Therapy and treatment of multiple sclerosis

Therapy and treatment of multiple sclerosis

There is still no cure for multiple sclerosis, which is why therapy primarily treats the symptoms. The therapy aims to alleviate the symptoms of those affected. This includes making signs of a flare-up go away, slowing the progression of the disease, and preventing complications and long-term disability.

Therapy for multiple sclerosis is based on two pillars: on the one hand, relapse therapy to treat an acute relapse, and on the other hand, therapy that modifies the course, which is intended to reduce the number and severity of relapses.

medication for MS

When and why which active ingredients and medication can help with MS is therefore different:

  • The drugs used in the course-modifying therapy are given prophylactically to reduce the frequency and severity of flare-ups in multiple sclerosis. With such a long-term therapy, the immune defence is suppressed. Thus, the autoimmune reaction underlying MS. So-called immune modulators ( interferon, glatiramin acetate) injected into the muscle or under the skin are used for this purpose. If the multiple sclerosis progresses, the next step is to give low-dose cytostatics or immunoglobulins via the vein, which also curb the immune reactions. In the case of a highly active form or if the other immunotherapeutic agents are not effective, fingolimod, siponimod, alemtuzumab, or natalizumab. Also new is the therapy option with ozanimod, which is currently being approved.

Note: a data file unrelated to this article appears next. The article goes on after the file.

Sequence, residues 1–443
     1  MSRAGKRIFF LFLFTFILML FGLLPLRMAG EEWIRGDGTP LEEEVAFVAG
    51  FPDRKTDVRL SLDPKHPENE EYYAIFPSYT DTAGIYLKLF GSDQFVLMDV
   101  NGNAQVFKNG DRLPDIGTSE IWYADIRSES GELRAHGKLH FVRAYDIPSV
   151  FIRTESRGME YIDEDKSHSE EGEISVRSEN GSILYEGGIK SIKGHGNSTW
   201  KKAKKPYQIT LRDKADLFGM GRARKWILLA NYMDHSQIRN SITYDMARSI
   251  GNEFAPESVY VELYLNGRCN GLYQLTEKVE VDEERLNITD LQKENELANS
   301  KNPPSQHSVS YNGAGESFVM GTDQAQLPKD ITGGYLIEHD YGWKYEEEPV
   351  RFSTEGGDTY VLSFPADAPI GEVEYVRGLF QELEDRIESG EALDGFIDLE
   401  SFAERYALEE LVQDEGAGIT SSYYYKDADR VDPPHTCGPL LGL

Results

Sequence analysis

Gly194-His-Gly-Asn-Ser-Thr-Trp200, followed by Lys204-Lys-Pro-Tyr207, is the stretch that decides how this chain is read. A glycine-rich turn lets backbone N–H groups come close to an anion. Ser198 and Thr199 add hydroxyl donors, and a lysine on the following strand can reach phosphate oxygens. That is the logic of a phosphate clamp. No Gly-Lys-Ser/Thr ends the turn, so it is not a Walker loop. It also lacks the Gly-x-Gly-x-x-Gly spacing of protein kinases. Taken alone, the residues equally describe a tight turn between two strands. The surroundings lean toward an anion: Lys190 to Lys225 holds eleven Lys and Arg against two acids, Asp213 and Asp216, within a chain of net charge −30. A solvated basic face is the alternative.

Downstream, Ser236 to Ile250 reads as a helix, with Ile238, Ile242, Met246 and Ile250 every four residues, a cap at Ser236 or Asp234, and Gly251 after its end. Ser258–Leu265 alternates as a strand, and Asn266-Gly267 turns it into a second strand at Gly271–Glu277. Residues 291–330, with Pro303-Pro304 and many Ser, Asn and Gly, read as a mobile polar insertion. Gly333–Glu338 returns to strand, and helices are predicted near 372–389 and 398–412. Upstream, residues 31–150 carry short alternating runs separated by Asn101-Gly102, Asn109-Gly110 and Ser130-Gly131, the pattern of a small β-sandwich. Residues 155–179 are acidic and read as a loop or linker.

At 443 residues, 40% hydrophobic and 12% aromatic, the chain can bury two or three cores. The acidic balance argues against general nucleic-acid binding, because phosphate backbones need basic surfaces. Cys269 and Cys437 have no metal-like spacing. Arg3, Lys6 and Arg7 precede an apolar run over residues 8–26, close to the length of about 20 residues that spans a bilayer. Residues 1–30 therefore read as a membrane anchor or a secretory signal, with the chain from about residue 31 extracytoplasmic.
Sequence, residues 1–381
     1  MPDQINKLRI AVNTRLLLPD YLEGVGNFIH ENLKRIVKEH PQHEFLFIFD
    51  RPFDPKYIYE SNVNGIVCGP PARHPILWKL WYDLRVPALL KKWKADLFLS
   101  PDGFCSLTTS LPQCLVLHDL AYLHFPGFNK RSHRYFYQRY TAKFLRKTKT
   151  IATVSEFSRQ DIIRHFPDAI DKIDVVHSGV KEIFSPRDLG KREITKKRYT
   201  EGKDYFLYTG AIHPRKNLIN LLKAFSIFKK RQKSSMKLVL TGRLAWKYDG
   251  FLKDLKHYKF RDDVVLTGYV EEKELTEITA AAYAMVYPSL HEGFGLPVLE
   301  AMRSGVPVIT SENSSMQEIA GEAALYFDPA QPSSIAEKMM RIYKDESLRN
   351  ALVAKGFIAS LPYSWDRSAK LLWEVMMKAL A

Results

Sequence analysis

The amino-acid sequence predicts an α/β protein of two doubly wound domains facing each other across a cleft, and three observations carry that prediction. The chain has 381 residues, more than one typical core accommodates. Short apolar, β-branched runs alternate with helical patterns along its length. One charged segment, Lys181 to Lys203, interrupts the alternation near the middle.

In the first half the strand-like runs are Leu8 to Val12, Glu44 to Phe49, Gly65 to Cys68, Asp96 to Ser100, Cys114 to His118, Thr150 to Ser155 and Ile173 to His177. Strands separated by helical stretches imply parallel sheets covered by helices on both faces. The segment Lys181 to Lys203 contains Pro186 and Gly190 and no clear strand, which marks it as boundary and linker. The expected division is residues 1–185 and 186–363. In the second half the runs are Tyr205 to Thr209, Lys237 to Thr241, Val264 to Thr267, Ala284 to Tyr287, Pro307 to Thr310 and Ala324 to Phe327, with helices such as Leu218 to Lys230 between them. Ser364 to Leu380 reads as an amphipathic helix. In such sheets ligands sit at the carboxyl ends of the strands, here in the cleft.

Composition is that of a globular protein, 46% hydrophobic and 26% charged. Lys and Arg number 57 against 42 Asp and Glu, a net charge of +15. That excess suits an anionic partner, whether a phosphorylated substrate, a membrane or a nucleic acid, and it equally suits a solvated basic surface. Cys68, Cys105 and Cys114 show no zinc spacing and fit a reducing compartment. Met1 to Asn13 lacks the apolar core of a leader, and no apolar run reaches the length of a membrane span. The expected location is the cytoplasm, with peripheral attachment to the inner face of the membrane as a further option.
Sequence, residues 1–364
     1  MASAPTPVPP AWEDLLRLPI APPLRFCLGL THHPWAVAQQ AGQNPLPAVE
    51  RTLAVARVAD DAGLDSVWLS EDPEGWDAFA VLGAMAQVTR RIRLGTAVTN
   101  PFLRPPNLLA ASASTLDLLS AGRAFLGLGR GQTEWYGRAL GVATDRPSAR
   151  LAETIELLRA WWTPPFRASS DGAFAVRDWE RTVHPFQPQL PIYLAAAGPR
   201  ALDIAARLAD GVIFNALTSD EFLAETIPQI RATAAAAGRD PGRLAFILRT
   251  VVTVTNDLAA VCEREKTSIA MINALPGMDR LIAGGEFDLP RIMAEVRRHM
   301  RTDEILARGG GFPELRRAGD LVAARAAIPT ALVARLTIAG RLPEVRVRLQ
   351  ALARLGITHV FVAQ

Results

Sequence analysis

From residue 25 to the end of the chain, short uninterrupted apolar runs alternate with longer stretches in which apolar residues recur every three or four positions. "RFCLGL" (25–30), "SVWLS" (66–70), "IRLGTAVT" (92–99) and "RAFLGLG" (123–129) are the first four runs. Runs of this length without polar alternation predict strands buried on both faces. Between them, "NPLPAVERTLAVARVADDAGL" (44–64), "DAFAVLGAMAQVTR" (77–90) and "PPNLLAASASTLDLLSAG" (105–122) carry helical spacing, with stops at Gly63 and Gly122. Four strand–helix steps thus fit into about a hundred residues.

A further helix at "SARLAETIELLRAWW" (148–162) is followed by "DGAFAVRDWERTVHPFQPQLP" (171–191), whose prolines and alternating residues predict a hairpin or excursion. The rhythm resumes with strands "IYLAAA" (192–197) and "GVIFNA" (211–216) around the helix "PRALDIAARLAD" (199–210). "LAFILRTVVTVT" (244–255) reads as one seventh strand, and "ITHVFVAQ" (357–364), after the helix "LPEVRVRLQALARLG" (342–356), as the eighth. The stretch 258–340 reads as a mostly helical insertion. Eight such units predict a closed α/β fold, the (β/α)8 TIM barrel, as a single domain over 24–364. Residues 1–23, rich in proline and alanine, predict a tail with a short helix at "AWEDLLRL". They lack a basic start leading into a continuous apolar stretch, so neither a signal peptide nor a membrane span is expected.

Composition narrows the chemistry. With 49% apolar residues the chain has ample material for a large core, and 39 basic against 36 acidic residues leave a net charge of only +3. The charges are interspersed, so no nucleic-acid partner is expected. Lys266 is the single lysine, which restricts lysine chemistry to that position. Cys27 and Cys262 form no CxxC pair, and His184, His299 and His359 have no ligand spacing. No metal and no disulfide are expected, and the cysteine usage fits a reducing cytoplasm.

• In an acute flare-up, glucocorticoids such as cortisone are given as an infusion for flare-up therapy. In more severe cases, blood washing (plasmapheresis) is also used.
  • Non-specific complaints such as pain, increased muscle tension (spasticity), bladder or bowel emptying disorders and depression are treated symptomatically with appropriate active ingredients.


Supportive measures in the therapy of MS

Therapy for MS also includes accompanying measures such as physiotherapy and occupational therapy to maintain mobility for as long as possible and to avoid complications such as kidney or pneumonia . Psychotherapy can also help those affected to better cope with life with MS. Cannabinoids or botulinum toxin can also be used to counteract spasticity.

Alternative treatment methods such as certain forms of nutrition, acupuncture, homoeopathy, meditation, relaxation methods or craniosacral therapy can be used alongside MS therapy; however, scientific evidence of its effectiveness is largely lacking.

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